Emoji can be a useful tool to communicate nuance in spaces where body language can’t do the communicating.

How do people use them differently?

I experience having to codeswitch between emojis depending on what platform I’m on. Just because I use a “Joy” emoji in a particular context on iOS doesn’t mean I’ll use the “Joy” emoji in a similar context on Windows. In practical terms, they’re the “same” emoji, but are they metaphysically the “same” when each company – Apple, Microsoft, etc. – has its own set of emoji that look completely different? A Plea for Emoji visit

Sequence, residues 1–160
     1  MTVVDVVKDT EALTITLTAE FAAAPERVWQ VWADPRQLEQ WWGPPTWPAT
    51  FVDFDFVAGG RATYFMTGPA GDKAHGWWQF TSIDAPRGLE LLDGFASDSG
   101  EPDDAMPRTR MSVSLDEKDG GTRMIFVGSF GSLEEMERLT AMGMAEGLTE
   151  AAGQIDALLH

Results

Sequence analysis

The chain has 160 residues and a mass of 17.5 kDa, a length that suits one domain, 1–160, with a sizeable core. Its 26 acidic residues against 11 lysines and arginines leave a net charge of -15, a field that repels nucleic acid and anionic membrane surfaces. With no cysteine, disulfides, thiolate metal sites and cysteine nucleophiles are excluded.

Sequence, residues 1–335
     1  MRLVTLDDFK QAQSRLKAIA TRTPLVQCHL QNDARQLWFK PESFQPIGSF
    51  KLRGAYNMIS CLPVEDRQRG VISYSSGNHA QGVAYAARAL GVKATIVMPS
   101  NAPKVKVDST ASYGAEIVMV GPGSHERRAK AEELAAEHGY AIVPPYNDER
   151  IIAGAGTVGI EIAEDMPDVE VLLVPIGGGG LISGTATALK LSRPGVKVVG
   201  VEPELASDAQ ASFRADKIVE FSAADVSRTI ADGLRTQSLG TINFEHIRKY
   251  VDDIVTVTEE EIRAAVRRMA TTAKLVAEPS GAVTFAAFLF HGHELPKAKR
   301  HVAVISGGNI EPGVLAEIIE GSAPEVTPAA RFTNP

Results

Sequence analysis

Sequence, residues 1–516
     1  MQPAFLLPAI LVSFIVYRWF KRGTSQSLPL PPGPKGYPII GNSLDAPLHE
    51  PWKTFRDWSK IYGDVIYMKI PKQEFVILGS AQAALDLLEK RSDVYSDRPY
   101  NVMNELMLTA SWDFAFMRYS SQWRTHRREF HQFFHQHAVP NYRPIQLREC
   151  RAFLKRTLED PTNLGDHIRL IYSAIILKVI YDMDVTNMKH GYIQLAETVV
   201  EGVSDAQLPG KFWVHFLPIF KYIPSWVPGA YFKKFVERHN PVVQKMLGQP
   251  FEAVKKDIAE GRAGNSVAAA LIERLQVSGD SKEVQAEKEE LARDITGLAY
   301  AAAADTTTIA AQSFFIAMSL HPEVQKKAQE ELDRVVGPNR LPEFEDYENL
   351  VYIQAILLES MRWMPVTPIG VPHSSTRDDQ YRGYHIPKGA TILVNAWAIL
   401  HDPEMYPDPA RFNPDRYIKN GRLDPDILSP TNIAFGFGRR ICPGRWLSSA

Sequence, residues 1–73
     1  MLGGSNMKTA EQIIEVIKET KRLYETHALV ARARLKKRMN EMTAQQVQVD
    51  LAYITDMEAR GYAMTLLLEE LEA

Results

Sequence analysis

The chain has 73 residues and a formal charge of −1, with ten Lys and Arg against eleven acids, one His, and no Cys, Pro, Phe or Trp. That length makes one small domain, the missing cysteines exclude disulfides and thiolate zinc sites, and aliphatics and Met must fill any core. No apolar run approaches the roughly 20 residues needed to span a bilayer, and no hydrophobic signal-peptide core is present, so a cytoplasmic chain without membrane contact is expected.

Ongoing research suggests that people interpret emoji slightly differently based on their gender, their culture, and the platform they’re using.Receiver Interpretations of Emoji Functions: A Gender Perspective visit

Some folks have argued that emojis are their own language. While internet linguistics are a burgeoning field, emojis are lacking a lot of the syntax and semantics associated with a linguistically interesting language.

Notes from other places

This goes beyond emojis, getting as subtle as whether to include a period at the end of a text or use a lower-case L when typing “lol”Receiver Interpretations of Emoji Functions: A Gender Perspective visit.